An Easy Way to Save on Credit Card Interest

If you could pluck a $5 bill out of the air each month and apply it to your credit card debt, would you do it? It doesn’t sound like much, but it does add up over time. And anyway, $5 is $5 – I’m sure you’d bend over and pick it up if you saw it laying on a deserted sidewalk.

If you’re making payments on credit card debt, you can pick up that $5, or possibly more, by making one simple change in the way you pay your bills.

Some look at a credit card bill, check the due date, and plan to pay it on that date. Some even go on line and schedule the payment for that date. The thinking is “Why should I give them my money ahead of time?”

Savings is the reason why.

If instead of waiting for the due date, you check your accounts on line and make the payment the day the statement is issued, you’ll save money.

The day your statement is issued, the interest for the previous month is added. From that point you pay daily interest on your previous balance, plus last month’s interest.

Say you have a $10,000 balance at 18% interest. When the statement comes out the new balance will be $10,150. Now you begin paying daily interest on that new balance. Your interest, per day, will be $5.075.

If instead, you make your minimum payment of $350 on the day the statement comes out, you’ll bring your balance down to $9,800. That will cost you $4.90 per day.

Over the course of a month, that 17.5 cents per day adds up to $5.25. This is extra money you’ve paid against your debt without taking anything extra from your bank account.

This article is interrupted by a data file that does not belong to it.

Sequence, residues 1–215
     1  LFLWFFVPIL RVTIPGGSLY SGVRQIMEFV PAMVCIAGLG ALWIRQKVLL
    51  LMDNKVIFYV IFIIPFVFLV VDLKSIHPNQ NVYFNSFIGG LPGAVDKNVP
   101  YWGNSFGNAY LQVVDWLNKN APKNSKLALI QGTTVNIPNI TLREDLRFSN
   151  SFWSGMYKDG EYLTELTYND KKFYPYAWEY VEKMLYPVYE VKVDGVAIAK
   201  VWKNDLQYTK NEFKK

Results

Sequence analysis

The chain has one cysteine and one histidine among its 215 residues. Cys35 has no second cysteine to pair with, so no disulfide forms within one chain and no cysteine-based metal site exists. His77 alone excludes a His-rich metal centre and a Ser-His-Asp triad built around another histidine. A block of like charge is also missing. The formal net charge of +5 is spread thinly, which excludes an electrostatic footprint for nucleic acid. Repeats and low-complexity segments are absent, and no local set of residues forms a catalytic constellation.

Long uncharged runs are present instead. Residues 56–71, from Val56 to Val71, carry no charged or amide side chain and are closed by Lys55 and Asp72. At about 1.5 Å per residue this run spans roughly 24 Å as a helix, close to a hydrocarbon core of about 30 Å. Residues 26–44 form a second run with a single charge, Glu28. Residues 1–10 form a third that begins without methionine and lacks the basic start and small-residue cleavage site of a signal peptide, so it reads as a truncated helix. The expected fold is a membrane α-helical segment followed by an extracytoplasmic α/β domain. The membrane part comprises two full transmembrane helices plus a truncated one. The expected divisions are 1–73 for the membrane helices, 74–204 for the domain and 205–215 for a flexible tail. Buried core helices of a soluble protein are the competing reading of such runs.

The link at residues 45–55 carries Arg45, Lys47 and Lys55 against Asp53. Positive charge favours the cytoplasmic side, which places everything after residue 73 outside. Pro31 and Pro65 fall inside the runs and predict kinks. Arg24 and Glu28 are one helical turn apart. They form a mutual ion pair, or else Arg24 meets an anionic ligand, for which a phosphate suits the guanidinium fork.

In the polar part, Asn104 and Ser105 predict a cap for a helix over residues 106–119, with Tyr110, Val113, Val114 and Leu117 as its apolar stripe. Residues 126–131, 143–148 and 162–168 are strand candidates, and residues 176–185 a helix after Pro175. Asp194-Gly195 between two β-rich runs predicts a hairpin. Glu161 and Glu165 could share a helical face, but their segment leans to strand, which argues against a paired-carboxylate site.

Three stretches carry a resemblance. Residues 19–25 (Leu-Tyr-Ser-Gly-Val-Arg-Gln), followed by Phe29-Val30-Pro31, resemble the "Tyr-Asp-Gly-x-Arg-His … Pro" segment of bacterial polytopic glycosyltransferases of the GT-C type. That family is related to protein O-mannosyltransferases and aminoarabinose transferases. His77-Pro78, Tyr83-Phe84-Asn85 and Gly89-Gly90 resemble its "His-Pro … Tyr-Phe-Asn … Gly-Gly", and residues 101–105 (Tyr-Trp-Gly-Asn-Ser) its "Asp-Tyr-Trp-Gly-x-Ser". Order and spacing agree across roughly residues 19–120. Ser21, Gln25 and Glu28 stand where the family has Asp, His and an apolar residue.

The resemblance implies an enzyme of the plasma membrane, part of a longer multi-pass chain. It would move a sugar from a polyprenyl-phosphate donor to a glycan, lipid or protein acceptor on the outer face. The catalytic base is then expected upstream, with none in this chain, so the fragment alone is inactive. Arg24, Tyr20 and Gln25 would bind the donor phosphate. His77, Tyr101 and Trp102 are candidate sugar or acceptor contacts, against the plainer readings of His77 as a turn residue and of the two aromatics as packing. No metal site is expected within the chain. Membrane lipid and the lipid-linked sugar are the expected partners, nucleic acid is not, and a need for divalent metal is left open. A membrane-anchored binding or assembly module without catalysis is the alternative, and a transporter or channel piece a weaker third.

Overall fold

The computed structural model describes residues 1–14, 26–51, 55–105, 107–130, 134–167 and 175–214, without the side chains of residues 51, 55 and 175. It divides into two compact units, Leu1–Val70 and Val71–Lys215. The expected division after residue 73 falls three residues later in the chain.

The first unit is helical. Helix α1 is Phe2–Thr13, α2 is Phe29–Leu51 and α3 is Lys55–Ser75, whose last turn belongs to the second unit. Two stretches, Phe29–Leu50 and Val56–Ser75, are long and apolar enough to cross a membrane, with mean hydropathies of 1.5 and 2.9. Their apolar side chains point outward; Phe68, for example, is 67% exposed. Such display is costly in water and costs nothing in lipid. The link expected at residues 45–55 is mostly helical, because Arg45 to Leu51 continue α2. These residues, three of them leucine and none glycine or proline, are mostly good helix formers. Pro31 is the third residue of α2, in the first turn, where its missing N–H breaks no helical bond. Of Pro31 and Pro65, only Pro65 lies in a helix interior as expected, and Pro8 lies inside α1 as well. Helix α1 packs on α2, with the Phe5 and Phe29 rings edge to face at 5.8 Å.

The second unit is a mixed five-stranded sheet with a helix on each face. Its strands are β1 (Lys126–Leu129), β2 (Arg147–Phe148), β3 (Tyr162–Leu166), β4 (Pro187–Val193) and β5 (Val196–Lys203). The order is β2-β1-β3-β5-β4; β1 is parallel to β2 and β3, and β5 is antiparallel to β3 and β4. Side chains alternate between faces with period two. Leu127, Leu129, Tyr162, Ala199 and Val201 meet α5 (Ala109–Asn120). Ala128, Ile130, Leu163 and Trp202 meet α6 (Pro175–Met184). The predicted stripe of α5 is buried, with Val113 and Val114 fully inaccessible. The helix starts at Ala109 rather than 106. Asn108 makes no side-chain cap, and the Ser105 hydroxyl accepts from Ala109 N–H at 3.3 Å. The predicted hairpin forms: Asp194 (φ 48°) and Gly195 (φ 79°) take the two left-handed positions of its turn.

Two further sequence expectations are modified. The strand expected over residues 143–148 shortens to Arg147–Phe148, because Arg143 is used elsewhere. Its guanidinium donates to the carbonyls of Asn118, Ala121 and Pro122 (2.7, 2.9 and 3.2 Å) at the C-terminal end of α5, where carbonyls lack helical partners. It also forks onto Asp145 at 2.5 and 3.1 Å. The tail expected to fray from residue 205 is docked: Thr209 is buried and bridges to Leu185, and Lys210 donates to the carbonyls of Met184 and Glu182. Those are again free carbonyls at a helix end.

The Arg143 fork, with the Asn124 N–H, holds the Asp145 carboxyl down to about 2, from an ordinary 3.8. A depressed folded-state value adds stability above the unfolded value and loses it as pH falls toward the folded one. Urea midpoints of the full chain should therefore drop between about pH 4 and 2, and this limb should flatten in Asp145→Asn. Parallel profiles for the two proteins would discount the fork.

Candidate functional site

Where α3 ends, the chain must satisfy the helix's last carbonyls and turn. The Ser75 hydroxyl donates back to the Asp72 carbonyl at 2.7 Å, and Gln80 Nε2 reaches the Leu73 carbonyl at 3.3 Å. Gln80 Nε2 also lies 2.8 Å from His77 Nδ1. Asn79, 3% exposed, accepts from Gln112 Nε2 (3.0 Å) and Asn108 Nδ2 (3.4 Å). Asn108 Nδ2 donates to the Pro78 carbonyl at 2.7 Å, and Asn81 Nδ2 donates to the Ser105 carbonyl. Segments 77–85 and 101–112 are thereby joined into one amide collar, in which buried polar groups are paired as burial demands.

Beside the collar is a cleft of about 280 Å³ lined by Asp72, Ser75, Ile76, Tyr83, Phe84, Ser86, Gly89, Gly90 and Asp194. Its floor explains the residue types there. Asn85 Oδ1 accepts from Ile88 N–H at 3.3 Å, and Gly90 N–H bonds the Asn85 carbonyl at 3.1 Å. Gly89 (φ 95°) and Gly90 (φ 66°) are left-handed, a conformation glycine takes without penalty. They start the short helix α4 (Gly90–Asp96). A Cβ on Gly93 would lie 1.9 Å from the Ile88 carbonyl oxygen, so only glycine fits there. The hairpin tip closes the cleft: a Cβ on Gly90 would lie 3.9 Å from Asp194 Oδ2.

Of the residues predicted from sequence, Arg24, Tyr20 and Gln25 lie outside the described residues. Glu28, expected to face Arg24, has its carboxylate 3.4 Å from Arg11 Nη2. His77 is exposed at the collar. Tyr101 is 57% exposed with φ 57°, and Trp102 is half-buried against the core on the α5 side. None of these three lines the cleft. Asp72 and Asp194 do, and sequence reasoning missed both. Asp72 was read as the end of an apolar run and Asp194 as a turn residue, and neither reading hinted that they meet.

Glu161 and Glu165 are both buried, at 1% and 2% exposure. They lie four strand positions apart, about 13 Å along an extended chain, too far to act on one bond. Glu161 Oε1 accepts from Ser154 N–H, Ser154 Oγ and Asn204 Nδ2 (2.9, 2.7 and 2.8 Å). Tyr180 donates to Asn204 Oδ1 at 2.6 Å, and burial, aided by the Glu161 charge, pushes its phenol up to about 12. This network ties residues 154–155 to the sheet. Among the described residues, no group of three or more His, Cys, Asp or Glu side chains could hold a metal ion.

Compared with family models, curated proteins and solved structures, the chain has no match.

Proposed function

If you’re paying a higher interest rate, or paying on a higher balance the savings are even greater.

Making additional payments during the month, even if they’re small, can also help you pay off that credit card debt faster. So if you happen to work an hour overtime or you find some great coupons and save on your regular grocery purchases, plunk that extra money down on your credit card debt the day it goes into your bank account. Most card issuers will accept on line payments in any amount during the month, and most will let you make a payment once per day.

Author: Mike Clover

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Disclaimer: This information has been compiled and provided by as an informational service to the public. While our goal is to provide information that will help consumers to manage their credit and debt, this information should not be considered legal advice. Such advice must be specific to the various circumstances of each person's situation, and the general information provided on these pages should not be used as a substitute for the advice of competent legal counsel.